In the end, I think it’s just like me standing on the banks of the Nantahala all those years ago. At some point, you just have to push off, hang on, and go.


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I’m not here right now. Well, technically, I suppose I am here — here being a busy Panera Bread in a town about forty miles or so from my house. I’m waiting for my kids to finish up some lessons, something my wife and I both seem to do a lot. But I just checked my email to find a note from someone I freelance for, and that got me thinking about what I’ll need to do when I get home to get that project done, so really I’m there. Not here.

My phone is sitting on the table next to me because I expect my kids to be calling soon to tell me they are done. Once that happens I’ll be, well, there — that is in the car on the way to pick them up and get them home and get busy on that looming project. On the way home, I’ll probably remember something that I need to take care of in the office tomorrow and I’ll call and leave myself a message which will automatically go to my email which I’ll check first thing and then … it just goes on and on and on.

I find that increasingly my life is like this. I’m always elsewhere. Commitments, deadlines and responsibilities — both personal and professional — are always pulling me forward, out of the here and now and into the there and then. Most folks I know are like this, too. I think the logic is that if we stay connected to everything and everybody, we’ll be better able to manage our time and our lives. This is the same logic that convinces us that multitasking is smart and efficient. Frankly, while I can see that we have little choice but to adopt this thinking, I’m not sure it actually works in the way we’d like.

Still, I’m seriously considering an upgrade to a smart phone and a data plan, so I can have  web, email, and phone all bundled into a device that I never leave home without. And then, of course, I’ll add Facebook and Twitter apps, and I’ll be set. I’ll have it all mastered. I’ll be cool, calm, and connected. And finally … FINALLY… I’ll be —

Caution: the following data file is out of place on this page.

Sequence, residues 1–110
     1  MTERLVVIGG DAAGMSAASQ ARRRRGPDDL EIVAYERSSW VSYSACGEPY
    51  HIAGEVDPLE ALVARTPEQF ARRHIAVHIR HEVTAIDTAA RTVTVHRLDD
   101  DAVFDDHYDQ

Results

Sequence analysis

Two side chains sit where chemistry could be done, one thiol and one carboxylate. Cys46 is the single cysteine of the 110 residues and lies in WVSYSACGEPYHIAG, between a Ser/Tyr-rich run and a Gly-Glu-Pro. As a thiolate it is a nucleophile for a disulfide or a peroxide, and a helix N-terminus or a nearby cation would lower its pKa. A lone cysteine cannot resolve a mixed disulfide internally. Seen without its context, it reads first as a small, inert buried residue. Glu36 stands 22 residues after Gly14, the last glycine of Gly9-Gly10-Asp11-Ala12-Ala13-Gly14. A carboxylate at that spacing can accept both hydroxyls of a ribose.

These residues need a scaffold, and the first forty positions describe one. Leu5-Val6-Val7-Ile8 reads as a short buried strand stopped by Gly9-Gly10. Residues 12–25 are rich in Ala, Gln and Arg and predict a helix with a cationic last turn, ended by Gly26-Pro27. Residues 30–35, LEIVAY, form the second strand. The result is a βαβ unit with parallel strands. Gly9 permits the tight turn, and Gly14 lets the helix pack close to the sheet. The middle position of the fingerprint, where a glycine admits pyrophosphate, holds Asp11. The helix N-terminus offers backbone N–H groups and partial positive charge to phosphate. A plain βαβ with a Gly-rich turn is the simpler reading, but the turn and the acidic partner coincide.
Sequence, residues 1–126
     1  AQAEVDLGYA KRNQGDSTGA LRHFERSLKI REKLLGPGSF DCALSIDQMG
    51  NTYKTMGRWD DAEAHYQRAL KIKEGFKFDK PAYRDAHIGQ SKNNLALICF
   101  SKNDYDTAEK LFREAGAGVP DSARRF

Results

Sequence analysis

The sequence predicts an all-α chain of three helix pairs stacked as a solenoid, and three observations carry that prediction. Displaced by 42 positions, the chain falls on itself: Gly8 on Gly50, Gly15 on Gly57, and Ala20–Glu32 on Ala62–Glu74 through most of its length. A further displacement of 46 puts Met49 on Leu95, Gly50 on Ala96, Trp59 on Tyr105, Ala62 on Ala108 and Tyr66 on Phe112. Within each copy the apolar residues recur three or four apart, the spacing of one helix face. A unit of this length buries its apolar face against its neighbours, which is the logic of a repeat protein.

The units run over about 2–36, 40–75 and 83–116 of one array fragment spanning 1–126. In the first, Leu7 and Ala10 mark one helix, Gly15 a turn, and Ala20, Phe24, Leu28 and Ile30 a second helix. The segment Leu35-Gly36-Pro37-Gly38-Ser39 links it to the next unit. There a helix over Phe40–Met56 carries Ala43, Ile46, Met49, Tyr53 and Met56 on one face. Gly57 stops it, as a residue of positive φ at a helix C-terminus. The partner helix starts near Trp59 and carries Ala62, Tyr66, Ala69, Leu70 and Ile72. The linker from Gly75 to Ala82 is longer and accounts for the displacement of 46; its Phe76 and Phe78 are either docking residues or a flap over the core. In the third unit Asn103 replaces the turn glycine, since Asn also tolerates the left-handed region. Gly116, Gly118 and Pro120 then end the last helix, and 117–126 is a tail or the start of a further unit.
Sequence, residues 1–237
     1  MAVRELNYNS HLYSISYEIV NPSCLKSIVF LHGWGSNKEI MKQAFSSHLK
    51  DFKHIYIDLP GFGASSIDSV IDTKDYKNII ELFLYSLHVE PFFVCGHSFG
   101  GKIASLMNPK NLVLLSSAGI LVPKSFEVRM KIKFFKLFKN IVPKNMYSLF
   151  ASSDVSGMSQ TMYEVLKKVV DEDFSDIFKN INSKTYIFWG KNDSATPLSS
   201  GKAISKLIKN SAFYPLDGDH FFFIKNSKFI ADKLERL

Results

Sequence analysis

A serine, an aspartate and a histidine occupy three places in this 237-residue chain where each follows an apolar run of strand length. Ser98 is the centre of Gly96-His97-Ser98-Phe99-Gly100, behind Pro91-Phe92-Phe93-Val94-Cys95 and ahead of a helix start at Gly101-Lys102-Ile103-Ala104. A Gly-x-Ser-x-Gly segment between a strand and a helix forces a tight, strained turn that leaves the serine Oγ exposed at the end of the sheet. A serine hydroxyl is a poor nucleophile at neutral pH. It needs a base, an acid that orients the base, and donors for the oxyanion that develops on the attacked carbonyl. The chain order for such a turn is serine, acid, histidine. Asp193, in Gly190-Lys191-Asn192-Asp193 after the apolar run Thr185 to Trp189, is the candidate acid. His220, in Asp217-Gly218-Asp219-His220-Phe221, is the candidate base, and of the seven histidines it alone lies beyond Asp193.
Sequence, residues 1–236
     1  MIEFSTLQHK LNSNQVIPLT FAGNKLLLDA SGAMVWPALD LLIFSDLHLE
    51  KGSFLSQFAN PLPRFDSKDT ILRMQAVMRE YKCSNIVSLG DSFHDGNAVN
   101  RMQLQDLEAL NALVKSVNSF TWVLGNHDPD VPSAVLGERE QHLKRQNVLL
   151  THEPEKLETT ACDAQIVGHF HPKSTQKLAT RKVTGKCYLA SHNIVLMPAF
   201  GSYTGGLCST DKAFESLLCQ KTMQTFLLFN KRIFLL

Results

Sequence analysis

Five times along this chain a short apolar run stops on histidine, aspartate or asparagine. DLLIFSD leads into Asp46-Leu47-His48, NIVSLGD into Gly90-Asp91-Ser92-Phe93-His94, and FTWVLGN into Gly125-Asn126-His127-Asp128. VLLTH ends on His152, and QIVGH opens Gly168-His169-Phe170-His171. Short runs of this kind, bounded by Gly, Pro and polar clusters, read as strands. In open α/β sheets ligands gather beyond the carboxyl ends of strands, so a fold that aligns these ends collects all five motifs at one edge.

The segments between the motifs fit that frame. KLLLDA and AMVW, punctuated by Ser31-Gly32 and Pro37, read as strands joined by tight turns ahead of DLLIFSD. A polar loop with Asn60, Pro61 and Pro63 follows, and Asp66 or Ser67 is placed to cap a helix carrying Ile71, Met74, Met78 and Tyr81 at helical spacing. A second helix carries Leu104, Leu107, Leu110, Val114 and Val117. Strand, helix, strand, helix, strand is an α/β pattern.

Uh-oh, phone’s ringing. Gotta go.

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You know my town, right? At least you know one like it, don’t you? Population right around 40,000. Nice little downtown filled with a pretty fair number of mom and pop shops and an equally (un?)fair number of empty storefronts. Big box stores and lifestyle malls creeping up around the fringes. Solid middle class population. You know the town I mean?

If you do, then maybe you’d be as surprised as I was to see a man standing on a corner near the grocery store just a block or so from my office holding up a hand-lettered cardboard sign that said “No Food.”

No food? Huh? That’s not really the kind of thing that happens in these kind of towns, is it? For a moment, I felt this dread that something terrible — something that’s only been happening on the fringes of my world — had finally arrived. I began to see him as a sort of omen of what’s surely to come.

Am I wrong? I hope so, but it’s getting harder and harder to remain optimistic these days. Every day, we’re all barraged by the bleak news — jobs lost, businesses in danger or gone under, credit markets still in chaos. And yet …

Most everyone I know gets up and goes to work every morning. Most everyone I know is paying their bills, raising their kids, finding ways to get by. That’s what my town is like … so far.

I spoke to a friend who sells cars today. His dealership has already laid off more than fifty people, and will quite likely lay off more before it’s all said and done. And, since mom and pop shops everywhere have a hard time competing with always-low-prices-always-open big box stores, towns like ours have grown accustomed to a few empty storefronts downtown. But in just the last week, two national chains — one a restaurant, one a department store — announced that they can no longer afford to do business here.